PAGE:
Sept. 2, 2010–The Fate of Nature–Charles Wohlforth

A summary of our September 2010 speaker, Charles Wohlforth
By Kay Vreeland

Charles Wohlforth’s subtitle for his recent book, The Fate of Nature, is “Rediscovering our Ability to Rescue the Earth” and in his talk to the APC luncheon meeting September 2, 2010, he marked out the paths toward this rescue. Chief among these is being grounded in our communities and in the stories we tell about our world. Writers, especially journalists, create and define culture in large measure, and culture is the key to solutions of environmental issues. We have known for some time that we are using up our biosphere and know the solutions for preserving it, but we have not gone very far toward rescuing the earth. In the end, said Wolhforth, it is culture rather than science, engineering or technology that will lead to rescue.

Culture grows out of stories we tell and our trust in these stories. Wohlforth’s early journalism career was at the Homer News where he learned his readers accepted what he wrote as true, since he saw the subjects of his stories every day. He learned then what statistics continue to show, that we believe people around us are most trustworthy, and that the message of corporate and government elites has far less influence. How stories are presented to us affects our actions; sadly, the current sensationalist climate in journalism skews reality by creating the perception that many others are not working for the good of society.

The Exxon Valdez oil spill ignited Wohlforth’s passion for the environment by the happy coincidence that he had a four-wheel-drive vehicle that could take reporters from Anchorage and the Valley to the scene. As a journalist there, he learned that the government, the Coast Guard and the oil company stood in adversarial conflict and many bad decisions were made. The shutdown of scientific studies through project cancellation and enforced secrecy meant that true stories were hard to come by and we still lack a lot of clear answers to the mystery of ongoing ecosystem damage.

Moving oversight from hierarchical institutions into the hands of the local community through organizations such as the Prince William Sound Regional Citizens’ Advisory Council (RCAC) was successful in the aftermath of the 1989 oil spill. Unfortunately, although the recent Gulf of Mexico oil spill had different physical aspects, the initial response was the same. Local involvement means a big company cedes power, but in the latest spill scenario, community involvement and scientific contribution are needed for real solutions to emerge.

Alaskans are strongly connected to place, as Wolhforth’s background slide show of nature scenes around the state emphasized. This relation to nature is part of the network of values that gives meaning in life. Values reside in connection, not only to nature, but to family and community. As Wolhforth quoted from his book, “The [environmental] problem is unimaginable in scale, nonlinear in shape, and infinite in complexity, and so may be the solution – in the interlocking relationships of human societies. And the solution may also be small enough for a single person to choose, which is important, since individual people alone are capable of making choices.”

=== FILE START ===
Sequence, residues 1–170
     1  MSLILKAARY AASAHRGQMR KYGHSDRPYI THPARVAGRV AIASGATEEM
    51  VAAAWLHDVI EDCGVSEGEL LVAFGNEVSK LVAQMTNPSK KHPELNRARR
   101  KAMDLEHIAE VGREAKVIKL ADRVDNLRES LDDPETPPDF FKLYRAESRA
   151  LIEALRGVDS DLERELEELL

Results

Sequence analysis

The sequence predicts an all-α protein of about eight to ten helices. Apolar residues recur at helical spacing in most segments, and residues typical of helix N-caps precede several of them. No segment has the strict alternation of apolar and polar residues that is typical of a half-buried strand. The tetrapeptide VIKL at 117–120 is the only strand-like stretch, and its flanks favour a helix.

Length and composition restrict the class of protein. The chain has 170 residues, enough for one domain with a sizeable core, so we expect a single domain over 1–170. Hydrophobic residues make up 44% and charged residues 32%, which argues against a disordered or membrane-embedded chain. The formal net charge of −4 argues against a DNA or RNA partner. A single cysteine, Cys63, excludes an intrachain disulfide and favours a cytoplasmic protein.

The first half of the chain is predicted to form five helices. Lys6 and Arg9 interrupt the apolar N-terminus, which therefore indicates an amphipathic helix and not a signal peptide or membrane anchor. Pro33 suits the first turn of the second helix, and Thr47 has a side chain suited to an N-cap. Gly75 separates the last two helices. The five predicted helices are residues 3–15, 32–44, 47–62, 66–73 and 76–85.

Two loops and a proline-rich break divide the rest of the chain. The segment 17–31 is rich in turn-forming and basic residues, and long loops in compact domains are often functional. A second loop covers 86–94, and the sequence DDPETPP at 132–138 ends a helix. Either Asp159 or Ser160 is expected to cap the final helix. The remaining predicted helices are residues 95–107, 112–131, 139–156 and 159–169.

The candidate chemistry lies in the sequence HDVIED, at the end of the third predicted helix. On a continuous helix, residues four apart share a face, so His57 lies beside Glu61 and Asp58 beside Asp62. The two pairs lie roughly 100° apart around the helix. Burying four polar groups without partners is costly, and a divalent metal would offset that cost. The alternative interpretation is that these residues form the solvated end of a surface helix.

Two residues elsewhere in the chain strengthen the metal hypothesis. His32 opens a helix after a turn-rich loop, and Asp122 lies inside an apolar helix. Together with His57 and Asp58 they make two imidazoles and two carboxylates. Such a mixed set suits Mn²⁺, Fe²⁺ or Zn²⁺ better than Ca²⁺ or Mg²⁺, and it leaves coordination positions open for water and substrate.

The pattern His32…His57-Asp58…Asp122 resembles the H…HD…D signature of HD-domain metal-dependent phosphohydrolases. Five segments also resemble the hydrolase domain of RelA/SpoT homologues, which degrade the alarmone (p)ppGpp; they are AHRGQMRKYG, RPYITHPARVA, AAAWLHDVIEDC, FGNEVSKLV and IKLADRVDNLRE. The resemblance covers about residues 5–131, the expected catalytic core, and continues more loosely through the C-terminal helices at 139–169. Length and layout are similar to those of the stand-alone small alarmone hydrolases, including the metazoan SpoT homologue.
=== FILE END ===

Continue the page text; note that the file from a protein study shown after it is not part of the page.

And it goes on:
Individual choices create new cultural norms, and individual action contributes most to changing culture, as we’ve seen in shrinking family size, facing race questions or environmental ethics such as less littering, or rescuing the earth. Journalists contribute to creating the cultural norms we live by, and they need to use this power well and conscientiously. Wolhforth’s message is that the fate of nature lies in great part in their, and our, hands.

About Wohlforth

Charles Wohlforth is a life-long Alaska resident and prize-winning author of numerous books about Alaska. His work includes writing about science and the environment, politics and history, travel, and as-told-to biography. A popular lecturer, he has spoken all over the United States and overseas. Wohlforth lives with his wife, Barbara, and their four children. They reside in Anchorage during the winter, where they are avid cross-country skiers, and in summer on a remote Kachemak Bay shore reachable only by boat.

Wohlforth, 46, graduated magna cum laude from Princeton University in 1986 before returning to Alaska to work six years as a newspaper reporter, including covering the Exxon Valdez oil spill for the Anchorage Daily News. He became a full-time freelance writer in 1993, publishing articles in The New Republic, Outside, Discover and other periodicals,and writing three travel books published by Wiley. He also served two 3-year terms on the Anchorage Assembly.

In 2004, Farrar, Straus & Giroux published Wohlforth’s widely acclaimed non-fiction account of climate change in the Arctic as experienced by the Eskimos and the scientists studying it, titled The Whale and the Supercomputer. The book won The Los Angeles Times Book Prize for Science and Technology, among numerous other national and regional citations for science, culture, and journalism. His current projects include an upcoming book from Thomas Dunne/St. Martin’s Press titled, The Fate of Nature: Rediscovering Our Ability to Rescue the Earth.

Charles Wohlforth

Charles Wohlforth

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